Thursday, May 06, 2010

Sen. Lincoln Defends Bank Ban on Derivatives Activities

Section 716 of the Senate financial reform bill prohibits federal assistance (including federal deposit insurance, and access to the Federal Reserve discount window) to swaps entities in connection with their trading in swaps or securities-based swaps. Section 716 would prohibit federal assistance, including federal deposit insurance and access to the Fed discount window to swap entities in connection with their trading in swaps or securities-based swaps. This section would effectively require most derivatives activities to be conducted outside of banks and bank holding companies.

In remarks on the Senate floor, Senator Blanche Lincoln, the provision's sponsor, vigosously defended the prohibition, stating that it gets banks back to the business of banking and that these the derivatives activities, once pushed out of the banks, will not go to a dark corner but will be subect to SEC and CFTC regulation. Cong. TRecord, May 5, 2010, p. S3140.

According to Senator Lincoln, Section 716 has two goals. The first goal is getting banks back to performing the duties they were meant to perform, such as taking deposits and making loans for mortgages, small businesses, and commercial enterprise. The second goal is separating out the activities that put these financial institutions in peril. Section 716 makes clear that engaging in risky derivatives dealing is not central to the business of banking.

Sen. Lincoln refuted the suggestion that this provision will push derivatives trading off into the dark without oversight. The Dodd-Lincoln Title VII in the legislation makes it abundantly clear that all swaps activity will be vigorously regulated by the SEC and CFTC. Just because these swaps desks will no longer be overseen by the FDIC does not mean that they will not be subject
strong regulation by the SEC and CFTC under the Wall Street Transparency and Accountability Act, which has been codified as Title VII of the Restoring American Financial Stability Act.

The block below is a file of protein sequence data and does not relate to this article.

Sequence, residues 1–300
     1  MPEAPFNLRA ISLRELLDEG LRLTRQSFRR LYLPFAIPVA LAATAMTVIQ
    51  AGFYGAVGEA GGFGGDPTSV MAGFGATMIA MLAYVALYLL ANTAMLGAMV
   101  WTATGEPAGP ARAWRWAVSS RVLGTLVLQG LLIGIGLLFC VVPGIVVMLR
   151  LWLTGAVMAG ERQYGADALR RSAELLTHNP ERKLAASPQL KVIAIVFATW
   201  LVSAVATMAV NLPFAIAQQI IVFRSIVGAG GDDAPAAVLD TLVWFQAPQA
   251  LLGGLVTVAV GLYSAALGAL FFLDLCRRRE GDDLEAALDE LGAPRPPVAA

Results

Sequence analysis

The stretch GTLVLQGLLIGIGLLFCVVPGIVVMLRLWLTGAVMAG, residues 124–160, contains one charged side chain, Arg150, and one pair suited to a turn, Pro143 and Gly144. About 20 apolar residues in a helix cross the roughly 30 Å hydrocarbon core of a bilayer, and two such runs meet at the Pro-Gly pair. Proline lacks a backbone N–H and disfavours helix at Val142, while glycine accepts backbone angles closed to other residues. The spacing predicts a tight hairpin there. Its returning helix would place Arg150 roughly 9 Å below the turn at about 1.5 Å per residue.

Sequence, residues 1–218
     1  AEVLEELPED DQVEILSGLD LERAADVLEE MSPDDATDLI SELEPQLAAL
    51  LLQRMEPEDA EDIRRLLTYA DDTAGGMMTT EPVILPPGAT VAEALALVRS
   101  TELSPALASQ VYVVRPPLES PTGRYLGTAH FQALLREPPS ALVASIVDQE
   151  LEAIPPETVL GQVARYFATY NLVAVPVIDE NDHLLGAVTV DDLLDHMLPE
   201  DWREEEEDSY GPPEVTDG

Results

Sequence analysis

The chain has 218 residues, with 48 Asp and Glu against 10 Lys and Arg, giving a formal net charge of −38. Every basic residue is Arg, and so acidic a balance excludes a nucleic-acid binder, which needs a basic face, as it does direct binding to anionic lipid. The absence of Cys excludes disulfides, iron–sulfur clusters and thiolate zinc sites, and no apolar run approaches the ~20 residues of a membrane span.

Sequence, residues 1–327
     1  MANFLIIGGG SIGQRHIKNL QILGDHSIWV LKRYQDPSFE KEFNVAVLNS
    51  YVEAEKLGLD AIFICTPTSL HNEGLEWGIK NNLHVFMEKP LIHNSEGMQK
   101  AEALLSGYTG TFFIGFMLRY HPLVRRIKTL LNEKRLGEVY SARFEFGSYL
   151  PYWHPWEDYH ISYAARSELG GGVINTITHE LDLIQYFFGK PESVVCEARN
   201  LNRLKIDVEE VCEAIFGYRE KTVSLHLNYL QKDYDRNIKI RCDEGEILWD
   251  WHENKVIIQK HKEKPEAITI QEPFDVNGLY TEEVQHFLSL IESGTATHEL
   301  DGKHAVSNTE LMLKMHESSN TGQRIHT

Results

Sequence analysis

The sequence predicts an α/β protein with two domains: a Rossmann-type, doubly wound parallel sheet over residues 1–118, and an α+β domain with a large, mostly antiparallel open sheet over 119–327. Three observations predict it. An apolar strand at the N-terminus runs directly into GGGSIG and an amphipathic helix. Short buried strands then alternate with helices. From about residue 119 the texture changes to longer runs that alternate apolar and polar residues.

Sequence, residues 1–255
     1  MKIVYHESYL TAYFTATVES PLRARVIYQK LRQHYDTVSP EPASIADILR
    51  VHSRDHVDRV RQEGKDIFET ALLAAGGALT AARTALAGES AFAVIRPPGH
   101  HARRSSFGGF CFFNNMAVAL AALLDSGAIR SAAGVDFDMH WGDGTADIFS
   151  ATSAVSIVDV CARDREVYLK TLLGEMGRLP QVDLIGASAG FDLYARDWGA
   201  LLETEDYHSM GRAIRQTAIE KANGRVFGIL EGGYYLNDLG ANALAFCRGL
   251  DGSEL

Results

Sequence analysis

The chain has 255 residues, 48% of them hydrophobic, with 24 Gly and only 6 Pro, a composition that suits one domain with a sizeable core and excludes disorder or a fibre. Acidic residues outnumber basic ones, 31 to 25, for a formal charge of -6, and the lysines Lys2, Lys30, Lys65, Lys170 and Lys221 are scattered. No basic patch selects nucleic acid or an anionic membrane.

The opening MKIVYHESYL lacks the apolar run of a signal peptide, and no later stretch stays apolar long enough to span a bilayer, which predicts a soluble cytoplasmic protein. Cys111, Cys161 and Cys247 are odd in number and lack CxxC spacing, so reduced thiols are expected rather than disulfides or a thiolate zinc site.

Similarly, Sen. Lincoln refuted the suggestion that Section 716 will prevent banks from using swaps to hedge their risks. Banks that have been acting as banks will be able to continue doing business as they always have under the reform legislation, she assured, with banks using swaps still being allowed to hedge their interest rate risk on their loan portfolio. Most important, Congress wants them to do so. Banks offering a swap in connection with a loan to a commercial customer are also still in the business of banking and will not be impacted.

Sen. Lincoln said that using derivatives to manage risk and using them to create exotic swaps which have led to the financial demise are two very different things. Regulated, transparent swap activity is a necessary part of managing risk, she noted, but it has no place inside a bank where too many innocent bystanders are put at risk. By quarantining highly risky swaps trading from banking altogether, federally insured deposits will not be put at risk by toxic swaps transactions. Moreover, banks will be forced to behave like banks, focusing on extending credit in a manner that builds economic strength as opposed to fostering worldwide economic instability.